Roasted Veggie Chili Recipe
- 2 cups fresh or frozen corn
- 2 cups each cubed zucchini, yellow summer squash and eggplant
- 2 each medium green peppers and sweet red peppers, cut into 1-inch pieces
- 2 large onions, chopped
- 1/2 cup garlic cloves, peeled
- 1/4 cup olive oil
- 4 quarts chicken broth
- 2 cans (14-1/2 ounces each) stewed tomatoes
- 2 cans (14-1/2 ounces each) tomato puree
- 1/4 cup lime juice
- 4 teaspoon chili powder
- 1-1/4 teaspoon cayenne pepper
- 1 teaspoon ground cumin
- 1/2 cup butter
- 1/2 cup all-purpose flour
- 3 cans (15 ounces each) white kidney or cannellini beans, rinsed and drained
- 1/2 cup minced fresh cilantro
- Sour cream and chopped green onions, optional
- 1. Place the vegetables and garlic in a roasting pan. Drizzle with oil; toss to coat. Cover and bake at 400° for 20-30 minutes or until vegetables are tender; cool slightly. Remove and chop garlic cloves.
- 2. In a Dutch oven or soup kettle, combine the broth, tomatoes, tomato puree, lime juice, chili powder, cayenne and cumin. Bring to a boil. Reduce heat; simmer, uncovered, for 25-35 minutes or until mixture is reduced by a quarter.
- 3. In a large saucepan or Dutch oven, melt butter; stir in flour until smooth. Cook and stir until bubbly and starting to brown. Slowly whisk into tomato mixture. Add roasted vegetables, garlic, beans and cilantro; mix well. Simmer, uncovered, until chili reaches desired thickness. Garnish with sour cream and green onions if desired. Yield: 24 servings (6 quarts).
1 cup equals 168 calories, 7 g fat (3 g saturated fat), 10 mg cholesterol, 802 mg sodium, 22 g carbohydrate, 4 g fiber, 6 g protein.
Reviews for Roasted Veggie Chili
"Flavors are terrific. Spice is just right for my family. The only thing I will do differently next time is decrease the liguid by 1 or possibly 2 quarts. I had to cook it down way too long to thicken even with adding the rue. I finally gave up and it was more like a stew than a thick chili."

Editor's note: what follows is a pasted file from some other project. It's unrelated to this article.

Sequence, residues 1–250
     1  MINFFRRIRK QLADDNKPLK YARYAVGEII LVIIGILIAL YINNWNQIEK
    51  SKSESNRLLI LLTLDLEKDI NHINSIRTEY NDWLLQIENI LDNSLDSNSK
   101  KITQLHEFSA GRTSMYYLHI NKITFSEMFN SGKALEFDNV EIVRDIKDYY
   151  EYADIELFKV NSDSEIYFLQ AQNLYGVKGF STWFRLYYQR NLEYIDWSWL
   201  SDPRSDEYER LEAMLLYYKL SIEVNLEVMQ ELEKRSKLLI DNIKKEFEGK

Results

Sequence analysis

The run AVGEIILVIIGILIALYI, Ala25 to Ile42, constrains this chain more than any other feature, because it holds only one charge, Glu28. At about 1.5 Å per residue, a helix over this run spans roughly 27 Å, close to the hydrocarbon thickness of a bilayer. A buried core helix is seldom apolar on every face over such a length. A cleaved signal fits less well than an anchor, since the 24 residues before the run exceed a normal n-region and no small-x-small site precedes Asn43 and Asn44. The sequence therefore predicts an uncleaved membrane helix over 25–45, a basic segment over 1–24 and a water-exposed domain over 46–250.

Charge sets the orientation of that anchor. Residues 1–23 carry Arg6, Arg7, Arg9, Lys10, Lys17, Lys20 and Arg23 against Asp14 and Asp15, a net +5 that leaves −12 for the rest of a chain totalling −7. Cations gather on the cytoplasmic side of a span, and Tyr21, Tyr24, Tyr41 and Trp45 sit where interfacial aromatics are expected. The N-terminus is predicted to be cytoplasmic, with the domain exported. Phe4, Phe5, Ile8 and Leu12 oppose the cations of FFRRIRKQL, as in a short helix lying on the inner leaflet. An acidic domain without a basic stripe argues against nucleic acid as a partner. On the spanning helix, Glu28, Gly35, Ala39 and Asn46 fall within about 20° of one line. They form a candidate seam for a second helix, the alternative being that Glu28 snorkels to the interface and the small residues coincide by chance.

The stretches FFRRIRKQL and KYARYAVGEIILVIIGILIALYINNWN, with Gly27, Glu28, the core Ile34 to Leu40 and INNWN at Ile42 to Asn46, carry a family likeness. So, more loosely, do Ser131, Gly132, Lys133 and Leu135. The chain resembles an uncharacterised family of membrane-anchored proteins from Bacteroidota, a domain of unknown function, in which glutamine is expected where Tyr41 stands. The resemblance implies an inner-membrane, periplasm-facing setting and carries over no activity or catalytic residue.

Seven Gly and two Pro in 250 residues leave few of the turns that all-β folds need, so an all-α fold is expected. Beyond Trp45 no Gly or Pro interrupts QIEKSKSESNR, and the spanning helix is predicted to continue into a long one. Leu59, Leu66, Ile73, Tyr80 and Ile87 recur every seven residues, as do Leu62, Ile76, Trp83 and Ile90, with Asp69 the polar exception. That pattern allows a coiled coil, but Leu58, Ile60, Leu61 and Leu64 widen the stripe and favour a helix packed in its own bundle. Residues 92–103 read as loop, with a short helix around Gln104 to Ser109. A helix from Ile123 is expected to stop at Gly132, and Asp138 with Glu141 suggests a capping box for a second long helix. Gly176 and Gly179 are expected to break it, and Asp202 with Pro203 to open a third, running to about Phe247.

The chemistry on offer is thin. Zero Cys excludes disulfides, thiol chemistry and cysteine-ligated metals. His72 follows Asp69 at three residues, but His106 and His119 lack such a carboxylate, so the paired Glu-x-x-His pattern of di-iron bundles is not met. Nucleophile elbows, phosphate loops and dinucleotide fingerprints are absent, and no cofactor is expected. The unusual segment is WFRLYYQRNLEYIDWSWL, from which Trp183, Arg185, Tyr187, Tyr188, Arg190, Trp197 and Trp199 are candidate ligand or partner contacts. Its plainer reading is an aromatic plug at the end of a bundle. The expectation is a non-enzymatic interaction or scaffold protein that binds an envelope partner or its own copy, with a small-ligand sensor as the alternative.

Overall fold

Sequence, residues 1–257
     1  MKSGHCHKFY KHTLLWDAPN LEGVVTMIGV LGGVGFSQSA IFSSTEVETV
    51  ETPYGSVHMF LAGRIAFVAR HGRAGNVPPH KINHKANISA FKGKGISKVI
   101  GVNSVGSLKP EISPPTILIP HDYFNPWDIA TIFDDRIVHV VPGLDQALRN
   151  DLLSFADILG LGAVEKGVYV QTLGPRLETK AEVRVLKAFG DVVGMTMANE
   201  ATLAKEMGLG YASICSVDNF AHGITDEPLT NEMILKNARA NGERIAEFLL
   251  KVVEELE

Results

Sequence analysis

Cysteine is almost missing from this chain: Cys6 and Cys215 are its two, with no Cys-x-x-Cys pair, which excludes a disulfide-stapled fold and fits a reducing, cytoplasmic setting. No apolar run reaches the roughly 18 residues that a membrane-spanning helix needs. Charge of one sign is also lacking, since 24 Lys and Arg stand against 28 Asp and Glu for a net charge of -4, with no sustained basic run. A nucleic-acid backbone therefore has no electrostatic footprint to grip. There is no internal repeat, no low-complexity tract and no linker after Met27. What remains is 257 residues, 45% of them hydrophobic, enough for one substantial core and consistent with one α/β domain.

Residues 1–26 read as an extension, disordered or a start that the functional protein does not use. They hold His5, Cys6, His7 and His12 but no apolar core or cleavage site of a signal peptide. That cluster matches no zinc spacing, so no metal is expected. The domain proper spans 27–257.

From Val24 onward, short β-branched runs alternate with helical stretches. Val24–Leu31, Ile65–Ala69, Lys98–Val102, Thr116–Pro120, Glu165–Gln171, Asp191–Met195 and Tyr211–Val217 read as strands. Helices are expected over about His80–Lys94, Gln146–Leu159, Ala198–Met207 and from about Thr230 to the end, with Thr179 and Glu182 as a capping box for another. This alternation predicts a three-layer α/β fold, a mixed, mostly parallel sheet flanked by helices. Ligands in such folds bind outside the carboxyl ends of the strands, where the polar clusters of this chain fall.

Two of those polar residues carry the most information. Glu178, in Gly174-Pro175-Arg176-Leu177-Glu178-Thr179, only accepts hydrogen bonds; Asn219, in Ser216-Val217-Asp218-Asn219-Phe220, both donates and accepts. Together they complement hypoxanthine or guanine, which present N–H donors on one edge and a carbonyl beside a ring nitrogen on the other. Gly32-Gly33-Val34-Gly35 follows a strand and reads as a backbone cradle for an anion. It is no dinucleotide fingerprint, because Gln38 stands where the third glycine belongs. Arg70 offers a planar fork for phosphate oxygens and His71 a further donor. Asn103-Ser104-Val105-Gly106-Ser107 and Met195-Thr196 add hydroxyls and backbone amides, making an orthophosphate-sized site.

"Here are the changes I made to the recipe. First of all, I used well-drained canned whole kernel corn rather than using fresh or frozen, and it worked fine. I cut the chicken broth way back, to about 1 quart rather than four, which seemed like an awful lot. I didn't want to go to the trouble (or calories) of thickening the chili with the butter and flour as specified, so I thought cutting down on the broth would make it thicker. It still turned out quite thin; in fact, people thought it was more like a soup than a chili, but after chilling and reheating the second time I served it, it was thick and chili-like, so I guess I would recommend making it a day ahead and then reheating. It was more flavorful after a few days, also. Even though there is chili powder, cumin, cilantro and cayenne in this, the flavors didn't really assert themselves until the second time around. (I did cut the cayenne down to about a half teaspoon or less.) I didn't have any tomato puree, so substituted a 28-ounce can of "kitchen-ready" crushed tomatoes in heavy puree. We liked this chili a lot and I would definitely make it again when we have a large group to feed."
"I made this recipe last year during Lent. It was wonderful! My husband, who is a true Meat-and-Potato man didn't even miss the meat. I am not a big fan of cannellini beans, so I used pinto beans, kidney beans and black beans instead. I am going to make it again this year."